Wednesday, May 14, 2008

Making Healthy After-School Snacks

One way to start your kids off in the kitchen is to teach them to make a few healthy after-school snacks. Most simple snacks are easy to make, which means your kids won't be overwhelmed by them. I think that's important in any teaching experience. You want your kids to be able to actually succeed at the cooking tasks you give them. In the beginning, that means the tasks need to be simple. Above all, they need to be fun.

Prepping your kitchen for the kids is a good idea, too. Clear a space on the counter or a table for them to work on. Sometimes I'll put things on the step stool so my littlest one can get in on the action. I just make sure I'm emotionally ready to clean up the mess, afterwards.

Getting your kids their own aprons can be fun, too. Please DO NOT put a frilly apron a young boy. Cooking is not a sexist activity and you want your kids to understand that. Putting a “girlie” apron on a young boy will drive him out of the kitchen.

The easiest after-school snack is probably fruit. Apples, especially. All the kids have to do is wash them. Bananas come in a close second. Instead of washing, you peel them. If you want to get a little more sophisticated, try a few of these:

Tortilla Wraps

Start with a wheat tortilla and add whatever you want. Peanut butter and jelly, lettuce with Ranch dressing, thinly sliced cheese and lunch meat, cucumber or carrot spears – whatever you like. Peanut butter and cheddar cheese is a favorite in my family. Peanut butter and bananas are tasty this way, too. Let your kids experiment with their own concoctions. After you add the filling, roll the tortilla up like a burrito, or just roll it up into a tube. The possibilities are endless!

Lettuce Wraps

Trying to cut down on the carbs? Show your kids how to roll up various fillings in a lettuce leaf, instead of a tortilla. Peanut butter may not be the best choice, here, but any number of cheeses will work great.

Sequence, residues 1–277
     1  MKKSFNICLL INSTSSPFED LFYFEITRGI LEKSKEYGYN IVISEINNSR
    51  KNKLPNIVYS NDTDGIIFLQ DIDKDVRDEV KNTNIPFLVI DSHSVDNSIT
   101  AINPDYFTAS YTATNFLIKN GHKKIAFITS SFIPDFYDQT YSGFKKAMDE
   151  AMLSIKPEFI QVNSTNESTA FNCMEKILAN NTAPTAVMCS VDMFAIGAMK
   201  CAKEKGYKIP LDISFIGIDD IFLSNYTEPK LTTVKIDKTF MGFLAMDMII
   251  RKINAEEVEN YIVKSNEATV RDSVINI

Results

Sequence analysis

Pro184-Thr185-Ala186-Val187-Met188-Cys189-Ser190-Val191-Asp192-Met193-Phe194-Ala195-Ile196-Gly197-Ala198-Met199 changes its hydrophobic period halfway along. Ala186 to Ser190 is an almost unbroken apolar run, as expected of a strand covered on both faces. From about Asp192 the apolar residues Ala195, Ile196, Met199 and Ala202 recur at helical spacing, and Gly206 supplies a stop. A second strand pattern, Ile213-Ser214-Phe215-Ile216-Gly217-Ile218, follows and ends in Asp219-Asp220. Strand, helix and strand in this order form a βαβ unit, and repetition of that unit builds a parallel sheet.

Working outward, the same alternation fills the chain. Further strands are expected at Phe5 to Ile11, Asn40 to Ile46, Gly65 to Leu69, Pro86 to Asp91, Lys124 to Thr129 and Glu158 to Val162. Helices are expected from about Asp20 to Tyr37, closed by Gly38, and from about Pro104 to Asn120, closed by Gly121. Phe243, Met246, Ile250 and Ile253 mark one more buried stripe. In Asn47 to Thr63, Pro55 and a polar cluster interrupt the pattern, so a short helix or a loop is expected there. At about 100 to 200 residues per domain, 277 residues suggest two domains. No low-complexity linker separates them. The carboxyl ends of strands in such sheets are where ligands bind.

Microwave Quesadillas

Once the kids are old enough to handle the microwave, teach them to make simple quesadillas. Sprinkle grated cheese over the top of a wheat tortilla and fold it in half. Pop it into the microwave on high for one minute. My kids love using the pizza cutter to cut it into smaller portions.

Bread Sticks with Spaghetti Sauce

Left over spaghetti sauce is a great after-school snack. Toast some bread, cut it into one inch thick strips (teach your kids to use a knife before you let them do this on their own) and dip them in the sauce straight from the refrigerator. If you want, let them heat the sauce in the microwave, first.

Peanut Butter Sandwich Variations

Peanut butter sandwiches are a staple for me and my kids. Even as an adult, I still love them. What's great about peanut butter is you can put almost anything with it and still make a great sandwich. Peanut butter and jelly is a classic, but so is peanut butter with sliced banana, apple, or raisins. Peanut butter and cheese is interesting. Another really fun sandwich is peanut butter and potato chips. Just spread the peanut butter onto a couple of slices of bread and sprinkle on some crushed potato chips before putting the two slices together.

Crackers and Stuff

Crackers are great topped with all kinds of things. Anything you can put on a sandwich can be put on a cracker. A favorite cracker topping at my house is cucumber slices and a dollop of cottage cheese.

Flies on a Log

My son came up with this when he was about twelve years old. Fill a celery stalk with peanut butter. Press raisins into the peanut butter all the way down the stalk like little “flies” sitting on a log.


This one I owe to my mom. Got leftover pancakes? Spread butter or peanut butter on them, add a little jam or sugar, and roll them up into little tubes. She claims this was the only way she could get me and my brothers to eat pancakes when we were little.

Getting your kids working with food doesn't have to be a chore. Start with a few simple after-school snacks. This can help your kids make healthy choices, and can get them excited about cooking more complex things, when they're ready.

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